Recently, we were in Orlando for one night and we spent some time Downtown Disney. As usual, there were a lot of people around but our entire family noticed one specific woman because she was walking with a dog. As they passed us, the dog started barking loudly. The woman stopped, reprimanded the dog and when he responded to her commands and stopped barking, she rewarded him with treats. She then immediately walked by us again, in the opposite direction. Again, the dog started to bark as they passed us and she repeated the same actions as before but glanced at my 6 year old daughter and said, “That’s the stimulus.” Confused whether she was talking to me or to herself, I pointed at my daughter and said, “Her?” She stopped to explain to us that her dog is a service dog because she suffers from seizures and that as the passed us, my daughter’s running and sudden movements caused him to bark. She told us how she takes the dog out to crowded places so he can learn to concentrate on her and not let outside noises or sounds affect his behavior. She also took the time to explain to my kids how the dog helps her and that his job is to take care of her and help her if she starts not to feel well. It was a great learning experience for both of my kids.
I then made the mistake of looking at the dog and talking directly to him and was immediately reprimanded by the woman. Being that I know about service dogs, I should have known better, but the dog was so cute that I couldn’t help but acknowledge him.
A few days later, I found an e-mail in my inbox titled “Tips on Saying Hello to a Service Dog” and I felt like someone was trying to tell me a little something. You know, the Nonprofit Canine Companions for Independence was trying to teach me the proper etiquette for interacting with an assistance dog.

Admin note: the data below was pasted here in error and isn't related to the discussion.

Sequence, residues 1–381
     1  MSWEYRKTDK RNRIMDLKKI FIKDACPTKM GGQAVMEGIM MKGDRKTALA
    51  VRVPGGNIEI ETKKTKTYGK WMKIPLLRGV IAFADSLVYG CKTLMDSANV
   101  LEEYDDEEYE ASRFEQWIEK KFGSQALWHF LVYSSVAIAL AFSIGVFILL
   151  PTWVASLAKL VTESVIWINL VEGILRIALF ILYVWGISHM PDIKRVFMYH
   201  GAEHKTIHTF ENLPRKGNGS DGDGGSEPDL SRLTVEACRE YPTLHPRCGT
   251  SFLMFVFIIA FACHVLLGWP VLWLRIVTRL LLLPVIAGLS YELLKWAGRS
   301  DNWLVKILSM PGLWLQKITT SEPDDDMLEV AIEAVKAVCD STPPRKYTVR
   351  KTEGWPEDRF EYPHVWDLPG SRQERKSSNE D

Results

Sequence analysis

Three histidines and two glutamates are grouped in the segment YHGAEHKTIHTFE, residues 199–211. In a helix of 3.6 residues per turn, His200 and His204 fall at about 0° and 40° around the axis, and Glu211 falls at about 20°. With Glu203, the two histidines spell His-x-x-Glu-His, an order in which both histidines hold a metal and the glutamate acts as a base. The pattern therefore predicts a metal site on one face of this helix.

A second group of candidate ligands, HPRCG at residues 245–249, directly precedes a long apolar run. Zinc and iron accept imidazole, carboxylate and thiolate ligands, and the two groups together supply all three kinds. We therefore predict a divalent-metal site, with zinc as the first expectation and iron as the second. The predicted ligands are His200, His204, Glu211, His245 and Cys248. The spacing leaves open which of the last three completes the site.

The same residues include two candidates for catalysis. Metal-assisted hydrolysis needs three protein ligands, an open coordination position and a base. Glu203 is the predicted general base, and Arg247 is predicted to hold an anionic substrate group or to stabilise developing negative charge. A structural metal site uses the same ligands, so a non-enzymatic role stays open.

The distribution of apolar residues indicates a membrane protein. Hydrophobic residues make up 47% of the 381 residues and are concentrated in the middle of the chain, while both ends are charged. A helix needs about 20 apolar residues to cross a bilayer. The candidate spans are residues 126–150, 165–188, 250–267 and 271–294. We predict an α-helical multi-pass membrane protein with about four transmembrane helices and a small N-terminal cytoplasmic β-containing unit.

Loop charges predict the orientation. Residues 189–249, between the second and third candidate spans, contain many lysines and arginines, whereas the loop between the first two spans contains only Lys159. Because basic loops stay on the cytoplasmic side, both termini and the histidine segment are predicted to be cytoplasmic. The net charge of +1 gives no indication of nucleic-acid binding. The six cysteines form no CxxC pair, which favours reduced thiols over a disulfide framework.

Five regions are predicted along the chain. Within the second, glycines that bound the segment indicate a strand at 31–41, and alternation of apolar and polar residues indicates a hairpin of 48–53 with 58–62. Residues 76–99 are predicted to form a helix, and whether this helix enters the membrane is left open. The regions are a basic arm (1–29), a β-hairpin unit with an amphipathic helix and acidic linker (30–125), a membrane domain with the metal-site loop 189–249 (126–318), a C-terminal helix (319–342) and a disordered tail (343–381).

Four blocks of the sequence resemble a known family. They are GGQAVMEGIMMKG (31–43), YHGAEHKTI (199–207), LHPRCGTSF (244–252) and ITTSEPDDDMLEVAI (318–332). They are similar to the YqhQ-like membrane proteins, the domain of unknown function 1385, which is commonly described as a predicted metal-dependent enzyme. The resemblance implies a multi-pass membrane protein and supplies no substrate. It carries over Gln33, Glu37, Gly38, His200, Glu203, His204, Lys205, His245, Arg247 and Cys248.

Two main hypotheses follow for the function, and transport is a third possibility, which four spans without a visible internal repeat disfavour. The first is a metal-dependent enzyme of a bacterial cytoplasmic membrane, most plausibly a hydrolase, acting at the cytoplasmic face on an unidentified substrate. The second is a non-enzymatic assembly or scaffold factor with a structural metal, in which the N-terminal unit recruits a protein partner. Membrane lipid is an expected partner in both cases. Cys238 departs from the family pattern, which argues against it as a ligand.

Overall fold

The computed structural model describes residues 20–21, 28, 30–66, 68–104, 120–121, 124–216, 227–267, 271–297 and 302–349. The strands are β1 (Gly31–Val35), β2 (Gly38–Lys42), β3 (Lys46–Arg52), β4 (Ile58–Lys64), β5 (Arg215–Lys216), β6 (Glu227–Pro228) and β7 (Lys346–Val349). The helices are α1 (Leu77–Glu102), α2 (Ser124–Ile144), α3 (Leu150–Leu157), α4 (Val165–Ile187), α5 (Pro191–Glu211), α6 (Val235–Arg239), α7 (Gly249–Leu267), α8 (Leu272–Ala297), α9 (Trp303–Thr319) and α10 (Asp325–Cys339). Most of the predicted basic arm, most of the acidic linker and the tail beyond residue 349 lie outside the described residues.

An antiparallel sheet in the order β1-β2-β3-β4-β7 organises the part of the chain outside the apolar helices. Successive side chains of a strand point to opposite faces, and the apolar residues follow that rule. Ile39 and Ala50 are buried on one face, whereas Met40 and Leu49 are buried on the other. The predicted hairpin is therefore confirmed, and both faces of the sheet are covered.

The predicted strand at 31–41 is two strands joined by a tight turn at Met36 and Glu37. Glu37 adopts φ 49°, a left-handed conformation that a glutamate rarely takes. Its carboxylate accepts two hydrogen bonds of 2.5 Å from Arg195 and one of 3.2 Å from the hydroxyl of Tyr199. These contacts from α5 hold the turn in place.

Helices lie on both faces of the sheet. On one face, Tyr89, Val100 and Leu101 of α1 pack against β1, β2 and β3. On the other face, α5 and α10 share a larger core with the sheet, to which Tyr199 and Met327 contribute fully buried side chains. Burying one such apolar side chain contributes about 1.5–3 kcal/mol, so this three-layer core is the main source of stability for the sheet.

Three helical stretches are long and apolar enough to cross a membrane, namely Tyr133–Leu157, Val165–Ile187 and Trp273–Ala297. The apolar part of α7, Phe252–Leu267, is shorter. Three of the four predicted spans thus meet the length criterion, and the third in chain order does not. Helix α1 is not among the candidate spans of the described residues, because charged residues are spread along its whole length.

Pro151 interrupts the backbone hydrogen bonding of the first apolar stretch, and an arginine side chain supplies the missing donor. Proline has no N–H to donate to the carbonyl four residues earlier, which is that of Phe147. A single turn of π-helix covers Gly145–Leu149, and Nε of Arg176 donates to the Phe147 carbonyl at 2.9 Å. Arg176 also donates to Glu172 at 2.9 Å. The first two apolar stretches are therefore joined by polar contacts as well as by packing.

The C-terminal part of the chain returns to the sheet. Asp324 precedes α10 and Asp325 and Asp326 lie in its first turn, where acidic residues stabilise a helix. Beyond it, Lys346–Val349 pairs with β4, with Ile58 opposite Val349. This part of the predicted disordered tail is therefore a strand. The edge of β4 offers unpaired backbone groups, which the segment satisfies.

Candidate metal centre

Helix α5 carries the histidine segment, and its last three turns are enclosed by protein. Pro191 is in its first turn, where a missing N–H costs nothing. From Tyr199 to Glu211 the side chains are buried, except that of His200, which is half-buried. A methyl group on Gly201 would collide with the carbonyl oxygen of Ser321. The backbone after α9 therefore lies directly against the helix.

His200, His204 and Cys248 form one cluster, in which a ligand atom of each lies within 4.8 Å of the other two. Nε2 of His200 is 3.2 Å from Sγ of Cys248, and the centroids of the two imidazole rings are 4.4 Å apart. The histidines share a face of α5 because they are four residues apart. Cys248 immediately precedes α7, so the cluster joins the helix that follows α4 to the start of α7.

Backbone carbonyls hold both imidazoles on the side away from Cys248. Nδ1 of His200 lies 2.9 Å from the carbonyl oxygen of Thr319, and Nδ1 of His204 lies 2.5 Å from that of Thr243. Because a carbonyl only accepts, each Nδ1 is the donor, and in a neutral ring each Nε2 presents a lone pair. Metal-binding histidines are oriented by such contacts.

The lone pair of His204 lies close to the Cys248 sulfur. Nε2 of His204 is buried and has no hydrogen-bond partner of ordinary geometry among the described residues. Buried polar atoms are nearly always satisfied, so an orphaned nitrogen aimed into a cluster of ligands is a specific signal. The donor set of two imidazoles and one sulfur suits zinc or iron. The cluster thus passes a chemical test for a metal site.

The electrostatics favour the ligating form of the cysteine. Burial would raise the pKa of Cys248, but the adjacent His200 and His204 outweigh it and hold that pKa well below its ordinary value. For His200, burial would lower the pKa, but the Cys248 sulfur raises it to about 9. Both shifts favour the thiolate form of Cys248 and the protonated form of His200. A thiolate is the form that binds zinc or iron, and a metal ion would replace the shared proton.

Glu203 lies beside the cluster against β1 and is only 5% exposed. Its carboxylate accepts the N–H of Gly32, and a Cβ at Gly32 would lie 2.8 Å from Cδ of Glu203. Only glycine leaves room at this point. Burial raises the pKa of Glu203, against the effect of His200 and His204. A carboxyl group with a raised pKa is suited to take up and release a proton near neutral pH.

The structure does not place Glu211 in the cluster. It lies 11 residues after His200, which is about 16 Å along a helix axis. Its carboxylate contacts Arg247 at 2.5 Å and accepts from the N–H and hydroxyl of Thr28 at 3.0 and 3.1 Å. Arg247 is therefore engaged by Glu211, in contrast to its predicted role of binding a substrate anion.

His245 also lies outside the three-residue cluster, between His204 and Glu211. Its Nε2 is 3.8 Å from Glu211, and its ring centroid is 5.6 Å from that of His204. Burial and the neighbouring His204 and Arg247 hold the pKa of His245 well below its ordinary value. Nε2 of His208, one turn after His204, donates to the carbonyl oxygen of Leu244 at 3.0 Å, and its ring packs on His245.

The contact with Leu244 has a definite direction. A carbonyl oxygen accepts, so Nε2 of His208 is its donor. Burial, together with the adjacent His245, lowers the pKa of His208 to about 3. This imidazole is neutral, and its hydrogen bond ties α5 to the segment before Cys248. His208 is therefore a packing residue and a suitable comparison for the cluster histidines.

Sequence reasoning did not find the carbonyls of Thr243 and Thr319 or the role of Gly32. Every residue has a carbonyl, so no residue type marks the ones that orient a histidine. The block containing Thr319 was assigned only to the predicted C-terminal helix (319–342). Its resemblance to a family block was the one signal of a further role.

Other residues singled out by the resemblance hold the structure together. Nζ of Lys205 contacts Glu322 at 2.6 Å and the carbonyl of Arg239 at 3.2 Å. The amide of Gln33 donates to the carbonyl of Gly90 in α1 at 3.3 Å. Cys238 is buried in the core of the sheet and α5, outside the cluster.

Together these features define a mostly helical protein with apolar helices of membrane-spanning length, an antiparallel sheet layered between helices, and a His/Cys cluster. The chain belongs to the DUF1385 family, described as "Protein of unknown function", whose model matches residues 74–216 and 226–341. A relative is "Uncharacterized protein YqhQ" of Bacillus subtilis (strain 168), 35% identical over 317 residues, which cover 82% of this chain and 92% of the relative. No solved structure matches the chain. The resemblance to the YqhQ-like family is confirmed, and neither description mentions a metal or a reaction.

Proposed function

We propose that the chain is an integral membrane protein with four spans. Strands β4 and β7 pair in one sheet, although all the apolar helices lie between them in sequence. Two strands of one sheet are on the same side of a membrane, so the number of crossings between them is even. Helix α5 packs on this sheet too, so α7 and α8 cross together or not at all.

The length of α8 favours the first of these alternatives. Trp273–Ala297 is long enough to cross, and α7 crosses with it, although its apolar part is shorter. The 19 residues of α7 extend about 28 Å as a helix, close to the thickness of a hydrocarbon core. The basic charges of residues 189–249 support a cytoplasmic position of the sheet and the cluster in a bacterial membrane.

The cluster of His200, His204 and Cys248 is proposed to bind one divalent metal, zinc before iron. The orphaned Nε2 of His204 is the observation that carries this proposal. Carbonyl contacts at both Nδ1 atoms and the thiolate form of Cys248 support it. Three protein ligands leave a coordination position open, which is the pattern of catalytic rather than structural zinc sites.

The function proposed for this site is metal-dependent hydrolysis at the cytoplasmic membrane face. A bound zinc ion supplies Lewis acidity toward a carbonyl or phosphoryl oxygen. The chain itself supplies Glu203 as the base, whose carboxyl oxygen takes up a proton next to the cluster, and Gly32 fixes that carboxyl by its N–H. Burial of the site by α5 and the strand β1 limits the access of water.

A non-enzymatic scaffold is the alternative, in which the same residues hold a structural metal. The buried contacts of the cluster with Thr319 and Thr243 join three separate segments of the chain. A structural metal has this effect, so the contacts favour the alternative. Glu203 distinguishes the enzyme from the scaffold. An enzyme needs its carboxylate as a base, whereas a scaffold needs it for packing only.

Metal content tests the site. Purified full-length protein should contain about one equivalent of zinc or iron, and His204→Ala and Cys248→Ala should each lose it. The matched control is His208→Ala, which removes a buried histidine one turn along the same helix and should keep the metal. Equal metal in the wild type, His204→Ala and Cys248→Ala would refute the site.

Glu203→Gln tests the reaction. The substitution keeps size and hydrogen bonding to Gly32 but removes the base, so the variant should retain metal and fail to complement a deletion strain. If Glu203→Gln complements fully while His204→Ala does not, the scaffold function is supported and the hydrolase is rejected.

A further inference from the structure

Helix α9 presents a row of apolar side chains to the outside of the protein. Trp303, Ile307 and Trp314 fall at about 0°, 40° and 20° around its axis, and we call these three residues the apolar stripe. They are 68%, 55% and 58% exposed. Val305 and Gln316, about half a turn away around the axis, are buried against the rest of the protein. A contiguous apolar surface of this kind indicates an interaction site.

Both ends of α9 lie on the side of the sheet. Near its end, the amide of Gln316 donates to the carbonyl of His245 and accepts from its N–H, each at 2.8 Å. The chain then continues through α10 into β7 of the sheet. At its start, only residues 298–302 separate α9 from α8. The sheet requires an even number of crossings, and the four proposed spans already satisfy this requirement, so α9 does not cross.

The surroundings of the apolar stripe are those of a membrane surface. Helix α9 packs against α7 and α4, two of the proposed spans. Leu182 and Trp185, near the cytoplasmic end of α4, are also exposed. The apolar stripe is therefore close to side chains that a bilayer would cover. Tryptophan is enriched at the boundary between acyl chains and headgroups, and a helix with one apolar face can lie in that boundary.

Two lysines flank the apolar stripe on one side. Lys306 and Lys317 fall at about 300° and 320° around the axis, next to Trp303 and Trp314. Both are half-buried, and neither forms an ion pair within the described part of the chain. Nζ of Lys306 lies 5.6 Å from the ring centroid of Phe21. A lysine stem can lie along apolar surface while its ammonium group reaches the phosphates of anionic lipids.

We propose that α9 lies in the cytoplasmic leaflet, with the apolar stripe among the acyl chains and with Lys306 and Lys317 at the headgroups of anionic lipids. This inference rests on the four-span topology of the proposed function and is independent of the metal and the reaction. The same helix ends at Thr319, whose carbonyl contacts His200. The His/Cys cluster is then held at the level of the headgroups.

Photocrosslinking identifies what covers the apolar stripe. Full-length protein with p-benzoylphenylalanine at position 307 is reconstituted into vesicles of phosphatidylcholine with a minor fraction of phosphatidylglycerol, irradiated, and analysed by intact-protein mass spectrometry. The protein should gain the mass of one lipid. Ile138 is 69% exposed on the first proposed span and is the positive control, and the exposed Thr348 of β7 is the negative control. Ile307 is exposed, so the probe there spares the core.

So. I’ll start off by saying that service dogs are not your ordinary pet dogs. They are actually working and sometimes the life of their human partner lies in their hands. They have gone through years of training to have the ability to help this person and we should all remember a few guidelines when meeting a service dog.
Do not touch the dog without asking permission first. Attention is a distraction for the dog which may prevent the dog from working. Be sensitive to the fact that the dog is working and may be in the middle of a command or direction. Most dogs will need to be verbally “released” from work mode to interact with a person other than their human partner.
Never feed the dog. He may be on a special diet and food is the ultimate distraction to the working dog and can jeopardize the health of both the dog and the person.
Speak to the person, not the assistance dog (this was my mistake above). Most handlers do not mind talking about assistance dogs and their dog specifically, if they have the time.
Do not whistle or make sounds to the dog. This again may provide a dangerous distraction.
Never make assumptions about the individual’s intelligence, feelings or capabilities. Offers of help are appreciated, but ask first. Usually, the human/dog team can get the task done by themselves.
Don’t be afraid of the dog. There is no need to be afraid of a dog from a fully accredited program like Canine Companions for Independence. Dogs are carefully tested and selected for appropriate temperament and have been professionally trained to have excellent manners. Always approach an assistance dog calmly and speak to their human partner before touching or addressing the dog.
Please remember these tips the next time you see a working dog.